Thus, the issue of import with PRP therapy is the length of time that an injection can offer relief.

Can Platelet-Rich Plasma Therapy Done in Conjunction with Other Treatment?

Yes. Plasma-Rich Therapy is also done in conjunction with other treatment.   There is a medical treatment which is called Hyaluronic Acid.  This is a stand-alone treatment for knees. “HA is a high molecular weight glucosamine (5–7×106 kD) synthesized by chondrocytes, fibroblasts and synoviocytes. It is responsible for viscoelasticity and lubricance in the synovial fluid and extracellular matrix. It has been demonstrated that there is a higher concentration of HA (2.5–4.0 mg/ml) in the synovial fluid, while there is a decreased concentration level in patients with osteoarthritis. Therefore, the concentration of HA is an indicator of the prognosis of patients with osteoarthritis. The efficacy of HA treatment in improving osteoarthritis symptoms has been widely studied and the clinical outcomes for patients with osteoarthritis are positive.”  Yu W, Xu P, Huang G, Liu L. Clinical therapy of hyaluronic acid combined with platelet-rich plasma for the treatment of knee osteoarthritis. Exp Ther Med. 2018 Sep;16(3):2119-2125. doi: 10.3892/etm.2018.6412. Epub 2018 Jul 6. PMID: 30186448; PMCID: PMC6122407. Thus, HA treatment is beneficial on its own.

Thus, it is possible that an Injured Worker may seek a PRP treatment and be offered an HA treatment.

The results from the combination treatment study found that “These clinical outcomes indicate that PRP (8 ml) and HA (0.20 mg) combination therapy improves the clinical features of knee osteoarthritis.”. Yu W, Xu P, Huang G, Liu L. Clinical therapy of hyaluronic acid combined with platelet-rich plasma for the treatment of knee osteoarthritis. Exp Ther Med. 2018 Sep;16(3):2119-2125. doi: 10.3892/etm.2018.6412. Epub 2018 Jul 6. PMID: 30186448; PMCID: PMC6122407. The results indicate that patients with knee osteoarthritis treated with PRP and HA exhibited beneficial effects on body pain, and alleviated arthralgia, cartilage destruction and bone damage. Supra.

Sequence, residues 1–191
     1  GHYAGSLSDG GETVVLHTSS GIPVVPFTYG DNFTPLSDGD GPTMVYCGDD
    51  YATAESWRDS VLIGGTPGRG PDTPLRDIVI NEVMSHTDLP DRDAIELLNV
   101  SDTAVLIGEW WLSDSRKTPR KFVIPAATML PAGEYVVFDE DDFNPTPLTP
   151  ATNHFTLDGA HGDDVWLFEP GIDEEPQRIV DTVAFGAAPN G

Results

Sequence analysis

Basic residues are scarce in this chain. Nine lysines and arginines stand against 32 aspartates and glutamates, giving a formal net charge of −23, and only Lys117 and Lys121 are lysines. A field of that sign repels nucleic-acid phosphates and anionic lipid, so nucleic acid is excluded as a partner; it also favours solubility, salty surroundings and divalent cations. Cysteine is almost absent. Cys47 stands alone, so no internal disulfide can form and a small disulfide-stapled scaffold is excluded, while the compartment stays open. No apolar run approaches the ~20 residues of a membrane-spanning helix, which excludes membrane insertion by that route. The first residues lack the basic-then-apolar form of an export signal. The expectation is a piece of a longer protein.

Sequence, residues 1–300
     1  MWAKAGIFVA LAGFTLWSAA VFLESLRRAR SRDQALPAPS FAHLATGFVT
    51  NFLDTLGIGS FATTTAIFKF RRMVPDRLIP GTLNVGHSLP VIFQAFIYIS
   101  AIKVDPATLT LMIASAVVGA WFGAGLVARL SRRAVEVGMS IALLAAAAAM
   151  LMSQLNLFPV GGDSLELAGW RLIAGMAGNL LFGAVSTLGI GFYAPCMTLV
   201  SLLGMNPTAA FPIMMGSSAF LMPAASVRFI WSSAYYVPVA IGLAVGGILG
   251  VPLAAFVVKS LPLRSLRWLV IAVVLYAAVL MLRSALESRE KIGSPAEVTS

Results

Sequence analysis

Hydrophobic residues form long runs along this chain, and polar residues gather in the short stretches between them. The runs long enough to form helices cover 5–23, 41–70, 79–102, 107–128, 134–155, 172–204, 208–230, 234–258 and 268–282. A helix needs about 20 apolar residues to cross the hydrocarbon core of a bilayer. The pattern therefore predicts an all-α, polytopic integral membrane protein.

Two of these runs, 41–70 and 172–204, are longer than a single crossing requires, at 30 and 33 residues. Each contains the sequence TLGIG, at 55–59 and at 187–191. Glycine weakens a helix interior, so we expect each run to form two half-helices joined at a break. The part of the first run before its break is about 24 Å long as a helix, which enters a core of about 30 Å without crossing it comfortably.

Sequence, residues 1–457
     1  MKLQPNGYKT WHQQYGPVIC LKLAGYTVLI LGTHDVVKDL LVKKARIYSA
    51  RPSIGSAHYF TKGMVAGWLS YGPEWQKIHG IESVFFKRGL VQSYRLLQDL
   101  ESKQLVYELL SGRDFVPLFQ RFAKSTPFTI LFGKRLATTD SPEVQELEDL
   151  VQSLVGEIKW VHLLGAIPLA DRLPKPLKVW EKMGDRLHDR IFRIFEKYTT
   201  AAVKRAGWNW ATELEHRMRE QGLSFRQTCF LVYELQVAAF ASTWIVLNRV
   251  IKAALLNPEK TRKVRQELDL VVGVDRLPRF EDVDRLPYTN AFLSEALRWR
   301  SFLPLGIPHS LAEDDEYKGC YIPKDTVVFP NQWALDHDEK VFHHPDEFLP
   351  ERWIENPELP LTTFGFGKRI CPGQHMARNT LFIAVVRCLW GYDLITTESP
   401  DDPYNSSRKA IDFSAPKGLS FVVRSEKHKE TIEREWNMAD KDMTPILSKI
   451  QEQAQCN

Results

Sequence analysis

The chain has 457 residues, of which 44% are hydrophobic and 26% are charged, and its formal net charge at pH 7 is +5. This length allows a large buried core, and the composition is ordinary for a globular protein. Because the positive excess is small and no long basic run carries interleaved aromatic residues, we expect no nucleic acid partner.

There was another study which found that was “strongly suggestive that combination of HA and PRP to be more effective compared to HA alone. Hence, we suggest combination of intra-articular HA and PRP injection as an optional treatment modality in the treatment of grade III and IV knee osteoarthritis in terms of functional outcome and pain control for up to 6 months of duration when surgical treatment is not an option.” Saturveithan C, Premganesh G, Fakhrizzaki S, Mahathir M, Karuna K, Rauf K, William H, Akmal H, Sivapathasundaram N, Jaspreet K. Intra-articular Hyaluronic Acid (HA) and Platelet Rich Plasma (PRP) injection versus Hyaluronic acid (HA) injection alone in Patients with Grade III and IV Knee Osteoarthritis (OA): A Retrospective Study on Functional Outcome. Malays Orthop J. 2016 Jul;10(2):35-40. doi: 10.5704/MOJ.1607.007. PMID: 28435559; PMCID: PMC5333655.

What Are Some of the Knee Conditions That PRP Can Treat?

There are a variety of knee conditions.  One of these conditions is Knee Osteoarthritis.

Knee Osteoarthritis is a degenerative joint disease which involves the progressive loss of articular cartilage, inflammation of synovial membrane, and changes in the bones under the cartilage. Chen, P., Huang, L., Ma, Y. et al. Intra-articular platelet-rich plasma injection for knee osteoarthritis: a summary of meta-analyses. J Orthop Surg Res 14385 (2019). https://doi.org/10.1186/s13018-019-1363-y

There is no treatment that can reverse the disease.  The ultimate procedure performed to address KOA is a total knee replacement which is performed when the condition is at end stage.

Prior to the knee reaching end state, there are a variety of treatments that are employed